US movie (1988). Universal/Cineplex Odeon. Pr Barbara De Fina. Exec pr Harry Ufland. Dir Martin Scorsese. Spfx Dino Galliano. Screenplay Paul Schrader. Based on The Last Temptation of Christ (1955) by Nikos Kazantzakis. Starring Victor Argo (Peter), Michael Been (John), Verna Bloom (Mary the Mother), David Bowie (Pontius Pilate), Juliette Caton (Angel), Willem Dafoe (Jesus), Randy Danson (Mary, sister of Lazarus), Peggy Gormley (Martha), Andre Gregory (John the Baptist), Barbara Hershey (Mary Magdalene), Harvey Keitel (Judas), Harry Dean Stanton (Saul of Tarsus). 163 mins. Colour.
Tormented by the knowledge that he is the Chosen One of God – or sometimes convinced he is possessed by Satan, who tells him to aggrandize himself – Jesus (see Christ) the humble carpenter builds crosses for the Romans and collaborates in the crucifixion of Jewish rebels, hoping God will come to hate him and seek elsewhere. His sole friend, Judas, loathes his actions but seeks to redeem him. At last bowing to the truth, Jesus begs forgiveness of the prostitute whom he loves, Mary Magdalene, and goes to seek spiritual guidance among desert hermits. There he succeeds in casting out the Serpents of Evil from within himself; there, too, comes Judas, sent to slay the collaborator but soon convinced by Jesus's new gospel of Love to become the first disciple of the Messiah. Together, having stopped the stoning of Mary Magdalene, they gather apostles. Meeting John the Baptist, a desert fanatic, Jesus is told by him that love is not enough: there must also be righteous anger; seeking counsel from God about this in the desert, Jesus is three times tempted by the Devil and returns assured John was right. He travels the land performing Exorcism, Healing and Miracles. Entering Jerusalem, with the possibility of leading the mob to cast out the Romans, he develops the stigmata and realizes the Story of which he is the focus cannot be thwarted: he commands Judas, his truest friend, to betray him, and is seized to be crucified on Golgotha.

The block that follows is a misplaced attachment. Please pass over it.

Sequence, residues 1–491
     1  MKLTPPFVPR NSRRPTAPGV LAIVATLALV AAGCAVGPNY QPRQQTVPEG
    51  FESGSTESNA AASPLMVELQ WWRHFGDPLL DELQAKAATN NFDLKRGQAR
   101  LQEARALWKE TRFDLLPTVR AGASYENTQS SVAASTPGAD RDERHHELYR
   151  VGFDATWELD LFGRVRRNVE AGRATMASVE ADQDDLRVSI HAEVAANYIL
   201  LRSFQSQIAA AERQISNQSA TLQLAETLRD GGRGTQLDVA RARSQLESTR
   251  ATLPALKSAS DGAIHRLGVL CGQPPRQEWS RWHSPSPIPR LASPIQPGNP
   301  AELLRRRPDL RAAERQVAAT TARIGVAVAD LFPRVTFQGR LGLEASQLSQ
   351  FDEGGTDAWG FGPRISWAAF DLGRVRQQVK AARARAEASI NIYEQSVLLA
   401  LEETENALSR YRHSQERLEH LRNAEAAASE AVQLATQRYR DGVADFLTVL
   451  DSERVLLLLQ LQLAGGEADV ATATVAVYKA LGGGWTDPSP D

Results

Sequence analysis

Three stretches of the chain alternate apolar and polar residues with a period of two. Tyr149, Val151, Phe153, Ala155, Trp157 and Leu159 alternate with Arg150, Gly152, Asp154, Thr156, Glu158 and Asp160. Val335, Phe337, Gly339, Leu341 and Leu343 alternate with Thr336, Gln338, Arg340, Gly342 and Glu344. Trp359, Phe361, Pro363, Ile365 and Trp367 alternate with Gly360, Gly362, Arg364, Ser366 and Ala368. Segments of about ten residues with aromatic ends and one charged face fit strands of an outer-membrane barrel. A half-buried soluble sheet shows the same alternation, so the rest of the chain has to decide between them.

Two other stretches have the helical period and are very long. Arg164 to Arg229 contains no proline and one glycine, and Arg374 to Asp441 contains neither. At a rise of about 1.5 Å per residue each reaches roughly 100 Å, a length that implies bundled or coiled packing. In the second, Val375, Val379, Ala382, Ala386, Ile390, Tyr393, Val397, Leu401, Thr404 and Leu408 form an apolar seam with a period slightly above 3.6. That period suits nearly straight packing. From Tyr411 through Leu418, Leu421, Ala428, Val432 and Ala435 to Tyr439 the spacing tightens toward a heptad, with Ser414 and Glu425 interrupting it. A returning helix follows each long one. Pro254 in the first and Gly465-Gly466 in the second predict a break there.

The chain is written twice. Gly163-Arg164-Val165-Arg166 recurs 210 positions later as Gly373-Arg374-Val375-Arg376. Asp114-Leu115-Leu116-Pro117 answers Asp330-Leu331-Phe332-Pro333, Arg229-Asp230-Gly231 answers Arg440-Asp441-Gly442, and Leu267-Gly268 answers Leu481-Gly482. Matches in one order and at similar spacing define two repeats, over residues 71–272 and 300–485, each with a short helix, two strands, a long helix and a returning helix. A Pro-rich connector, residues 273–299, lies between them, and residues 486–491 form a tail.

But on the cross, as he begs mercy of God, an Angel comes in the guise of a young child and releases him from the burden of godhood. With her as his constantly present guardian, he weds Mary Magdalene and then, when she dies, another Mary, Lazarus's sister, becoming the lover also of her sister Martha. Life is good until, in late middle age, he encounters the freshly converted Saul who, discovering Jesus's identity, tells him he is unimportant beside the fictional Jesus who died and was resurrected: that Jesus may be a lie, but one that will save the world. And on his deathbed Jesus is visited by three of the apostles and by Judas, who condemns him for his betrayal of them – "Your place was on the cross" – and reveals the girl-angel to him as Satan in disguise: Jesus has succumbed to the Devil's last temptation, that of being a man rather than God. But God grants his final wish to be returned to the cross, where he expires content in the knowledge that the Story has reached its accomplishment.
Kazantzakis said he wrote this Christian Fantasy out of deep love for Jesus; the movie is redolent of that same integrity. The Holy Land is portrayed as an alien world, comprehensible to us only through the humanity we share with the Story's protagonists: jarring at first, the characters' street-US accents soon cement that bond. The acting and photography are exquisite; the music, by Peter Gabriel, is as fine. The fallible, uncertain, imperfect Jesus emerges as a figure of great stature – for he lacks the sin of pride.
TLTOC was widely campaigned against by many Christian fundamentalists, who perhaps saw themselves depicted here not as disciples but as Romans. [JG]